Bell makes but one contention on appeal, that the Board's decision that he should be removed as a corrections officer was arbitrary, capricious and unreasonable and not supported by the credible evidence. We disagree, and thus affirm.
A final decision of an administrative body such as the Merit System Board should not be disturbed on appeal unless it is arbitrary, capricious or unreasonable. Karins v. City of Atlantic City, 152 N.J. 532, 540 (1998). An appellate court should undertake a "careful and principled consideration of the agency record and findings." Riverside Gen. Hosp. v. N.J. Hosp. Rate Setting Comm'n, 98 N.J. 458, 468 (1985). The agency's findings should be affirmed if they "could reasonably have been reached on sufficient credible evidence present in the record, considering the proofs as a whole . . . with due regard also to the agency's expertise." Close v. Kordulak Bros., 44 N.J. 589, 599 (1965) (citations omitted). The Supreme Court recently restated these guiding principles.
[A]n appellate court ordinarily should not disturb an administrative agency's determinations or findings unless there is a clear showing that (1) the agency did not follow the law; (2) the decision was arbitrary, capricious or unreasonable; or (3) the decision was not supported by substantial evidence. [In re Application of Virtua-West Jersey Hospital Voorhees for a Certificate of Need, No. A-127-06, slip op. at 7-8 (April 23, 2008).]
Further, when an appellate court is reviewing the imposition of a disciplinary sanction, that court "has no power to act independently as an administrative tribunal or to substitute its judgment for that of the agency." In re Herrmann, 192 N.J. 19, 28 (2007). The proper test in considering administrative disciplinary matters is "whether such punishment is 'so disproportionate to the offense, in light of all the circumstances, as to be shocking to one's sense of fairness.'" In re Polk, 90 N.J. 550, 578 (1982) (quoting Pell v. Board of Education, 313 N.E.2d 321 (N.Y. 1974)).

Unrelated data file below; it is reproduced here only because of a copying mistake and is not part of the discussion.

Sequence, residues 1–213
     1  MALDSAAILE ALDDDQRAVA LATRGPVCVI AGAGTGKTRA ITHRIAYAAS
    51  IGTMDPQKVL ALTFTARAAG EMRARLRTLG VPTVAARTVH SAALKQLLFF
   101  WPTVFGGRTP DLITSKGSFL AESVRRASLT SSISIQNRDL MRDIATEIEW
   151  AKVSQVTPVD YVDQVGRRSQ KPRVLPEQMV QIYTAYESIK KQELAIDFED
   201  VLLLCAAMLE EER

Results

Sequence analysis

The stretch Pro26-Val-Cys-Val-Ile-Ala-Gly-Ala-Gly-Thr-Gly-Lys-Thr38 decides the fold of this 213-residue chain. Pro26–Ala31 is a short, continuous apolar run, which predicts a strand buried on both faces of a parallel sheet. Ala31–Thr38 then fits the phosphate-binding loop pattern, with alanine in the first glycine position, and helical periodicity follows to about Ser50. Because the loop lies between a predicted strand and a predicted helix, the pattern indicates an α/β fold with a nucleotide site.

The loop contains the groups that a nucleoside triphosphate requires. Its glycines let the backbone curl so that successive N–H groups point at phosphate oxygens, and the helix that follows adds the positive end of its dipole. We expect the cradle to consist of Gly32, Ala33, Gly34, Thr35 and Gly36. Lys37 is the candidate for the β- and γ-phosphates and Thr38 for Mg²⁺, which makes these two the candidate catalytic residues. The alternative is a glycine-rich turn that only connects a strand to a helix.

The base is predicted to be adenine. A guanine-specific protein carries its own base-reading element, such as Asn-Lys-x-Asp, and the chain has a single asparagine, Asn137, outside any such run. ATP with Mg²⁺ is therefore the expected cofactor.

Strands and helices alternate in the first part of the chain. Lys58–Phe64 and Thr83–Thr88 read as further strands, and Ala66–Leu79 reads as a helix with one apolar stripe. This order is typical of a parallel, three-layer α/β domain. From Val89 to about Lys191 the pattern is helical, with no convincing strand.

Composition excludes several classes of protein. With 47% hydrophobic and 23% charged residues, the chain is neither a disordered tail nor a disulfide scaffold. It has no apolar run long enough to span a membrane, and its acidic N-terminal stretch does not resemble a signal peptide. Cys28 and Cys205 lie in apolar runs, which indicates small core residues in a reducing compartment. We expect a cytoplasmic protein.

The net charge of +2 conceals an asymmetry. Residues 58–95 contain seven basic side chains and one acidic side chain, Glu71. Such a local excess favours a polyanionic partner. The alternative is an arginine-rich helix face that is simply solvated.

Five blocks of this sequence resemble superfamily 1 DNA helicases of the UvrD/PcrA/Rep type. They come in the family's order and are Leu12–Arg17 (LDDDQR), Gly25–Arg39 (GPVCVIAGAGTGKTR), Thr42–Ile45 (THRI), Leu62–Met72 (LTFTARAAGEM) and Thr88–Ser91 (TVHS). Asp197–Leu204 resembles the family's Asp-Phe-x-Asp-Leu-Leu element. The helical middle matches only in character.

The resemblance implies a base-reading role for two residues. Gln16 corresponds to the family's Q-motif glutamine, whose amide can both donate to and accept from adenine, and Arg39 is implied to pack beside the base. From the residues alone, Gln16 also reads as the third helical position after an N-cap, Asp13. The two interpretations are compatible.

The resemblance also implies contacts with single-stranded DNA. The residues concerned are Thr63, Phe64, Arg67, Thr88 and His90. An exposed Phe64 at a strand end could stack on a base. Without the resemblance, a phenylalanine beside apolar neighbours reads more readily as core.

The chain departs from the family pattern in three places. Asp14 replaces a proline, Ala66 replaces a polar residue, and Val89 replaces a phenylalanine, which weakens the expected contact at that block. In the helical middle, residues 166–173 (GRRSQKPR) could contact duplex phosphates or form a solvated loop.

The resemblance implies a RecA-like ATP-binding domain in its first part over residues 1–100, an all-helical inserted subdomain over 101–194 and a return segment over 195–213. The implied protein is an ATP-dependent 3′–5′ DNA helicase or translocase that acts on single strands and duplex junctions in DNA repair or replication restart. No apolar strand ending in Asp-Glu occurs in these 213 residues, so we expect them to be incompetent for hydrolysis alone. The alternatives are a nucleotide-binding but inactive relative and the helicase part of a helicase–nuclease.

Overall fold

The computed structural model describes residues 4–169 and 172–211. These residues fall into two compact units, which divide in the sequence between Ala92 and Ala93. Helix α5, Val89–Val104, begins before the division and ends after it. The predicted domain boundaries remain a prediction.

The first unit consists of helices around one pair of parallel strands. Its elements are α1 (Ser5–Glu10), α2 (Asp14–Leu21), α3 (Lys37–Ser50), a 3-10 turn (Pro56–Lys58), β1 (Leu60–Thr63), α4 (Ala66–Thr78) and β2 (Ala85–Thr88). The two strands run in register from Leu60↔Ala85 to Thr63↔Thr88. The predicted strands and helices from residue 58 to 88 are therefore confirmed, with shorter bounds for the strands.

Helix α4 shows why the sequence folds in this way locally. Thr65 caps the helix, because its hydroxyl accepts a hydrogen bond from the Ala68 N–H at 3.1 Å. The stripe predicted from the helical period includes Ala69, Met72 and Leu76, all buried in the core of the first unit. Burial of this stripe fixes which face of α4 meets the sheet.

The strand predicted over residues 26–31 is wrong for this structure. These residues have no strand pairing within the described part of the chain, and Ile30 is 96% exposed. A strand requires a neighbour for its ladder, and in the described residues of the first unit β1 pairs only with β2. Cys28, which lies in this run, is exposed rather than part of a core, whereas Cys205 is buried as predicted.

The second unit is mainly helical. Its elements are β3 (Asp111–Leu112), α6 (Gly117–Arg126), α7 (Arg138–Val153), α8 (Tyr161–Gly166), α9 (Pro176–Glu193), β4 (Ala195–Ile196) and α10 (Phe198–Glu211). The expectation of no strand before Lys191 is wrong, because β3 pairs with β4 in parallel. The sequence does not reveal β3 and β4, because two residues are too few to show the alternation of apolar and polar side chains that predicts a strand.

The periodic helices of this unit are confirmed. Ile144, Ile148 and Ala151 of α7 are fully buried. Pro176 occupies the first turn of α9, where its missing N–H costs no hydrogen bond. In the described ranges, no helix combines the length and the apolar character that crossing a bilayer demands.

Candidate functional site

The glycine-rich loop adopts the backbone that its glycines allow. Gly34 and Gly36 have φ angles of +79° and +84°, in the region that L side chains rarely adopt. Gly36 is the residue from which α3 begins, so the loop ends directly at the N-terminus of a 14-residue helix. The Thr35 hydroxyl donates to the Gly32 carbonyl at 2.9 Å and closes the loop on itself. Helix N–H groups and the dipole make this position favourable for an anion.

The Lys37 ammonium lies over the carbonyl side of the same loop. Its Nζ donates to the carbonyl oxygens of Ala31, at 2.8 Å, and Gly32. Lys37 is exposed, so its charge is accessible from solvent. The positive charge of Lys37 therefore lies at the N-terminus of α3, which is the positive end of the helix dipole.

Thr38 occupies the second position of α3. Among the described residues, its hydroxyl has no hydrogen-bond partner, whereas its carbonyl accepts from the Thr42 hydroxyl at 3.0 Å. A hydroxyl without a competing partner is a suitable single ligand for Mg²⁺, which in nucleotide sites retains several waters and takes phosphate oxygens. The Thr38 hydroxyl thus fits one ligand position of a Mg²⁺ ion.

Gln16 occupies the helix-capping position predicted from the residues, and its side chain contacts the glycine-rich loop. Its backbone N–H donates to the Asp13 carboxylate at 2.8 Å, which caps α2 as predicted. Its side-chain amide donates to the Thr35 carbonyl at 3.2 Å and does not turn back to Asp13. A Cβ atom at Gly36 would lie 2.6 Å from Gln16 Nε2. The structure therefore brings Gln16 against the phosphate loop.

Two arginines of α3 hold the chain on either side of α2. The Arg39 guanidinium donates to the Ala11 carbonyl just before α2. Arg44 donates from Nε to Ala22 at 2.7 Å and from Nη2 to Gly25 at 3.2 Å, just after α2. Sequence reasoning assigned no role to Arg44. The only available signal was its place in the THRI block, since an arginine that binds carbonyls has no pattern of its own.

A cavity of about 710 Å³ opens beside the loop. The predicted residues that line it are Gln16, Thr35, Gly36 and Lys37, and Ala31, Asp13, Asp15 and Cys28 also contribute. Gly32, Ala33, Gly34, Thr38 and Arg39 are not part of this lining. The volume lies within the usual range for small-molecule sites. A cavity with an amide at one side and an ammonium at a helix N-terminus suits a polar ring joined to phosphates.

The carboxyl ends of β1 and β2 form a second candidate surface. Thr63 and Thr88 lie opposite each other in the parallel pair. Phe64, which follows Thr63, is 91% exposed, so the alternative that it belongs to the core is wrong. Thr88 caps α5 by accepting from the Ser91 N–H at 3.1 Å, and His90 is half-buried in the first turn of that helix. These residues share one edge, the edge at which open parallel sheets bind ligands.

Bell contends that the decision of the Board is arbitrary because it failed to take into account certain mitigating factors noted by the administrative law judge, including that Bell had not contributed to the staffing shortage, and having worked overtime each of the two preceding days had not reasonably anticipated that he would be required to do so again that day. The administrative law judge also noted that the alarm was quickly deactivated and had not interfered with the functioning of the jail.
That one may sympathize with Bell for the dilemma which confronted him, and understand his frustration at the delay in making staffing decisions, does not affect the legal analysis of the question. The administrative law judge in his opinion referred to the concept of progressive discipline, enunciated in West New York v. Bock, 38 N.J. 500, 523 (1962). The administrative law judge noted, however, that during Bell's short term of employment he had already been the subject of disciplinary action in 2003 and had been suspended for twenty days. As part of that earlier proceeding, Bell executed an agreement reflecting his understanding that any future disciplinary charges would "be cause for more severe disciplinary action, specifically immediate termination from employment."
The position of corrections officer entails significant responsibility and requires individuals who can perform their duties under conditions of great stress. A corrections officer must possess self-discipline and self-control under very difficult circumstances. An individual who, for whatever reason, is unable to exhibit those characteristics should not serve in the position of a corrections officer, for a loss of discipline and control poses a risk both to his fellow officers and to the inmates in his custody.
In our judgment, we cannot fairly characterize the decision of the Merit System Board as arbitrary, capricious or unreasonable, and it is thus affirmed.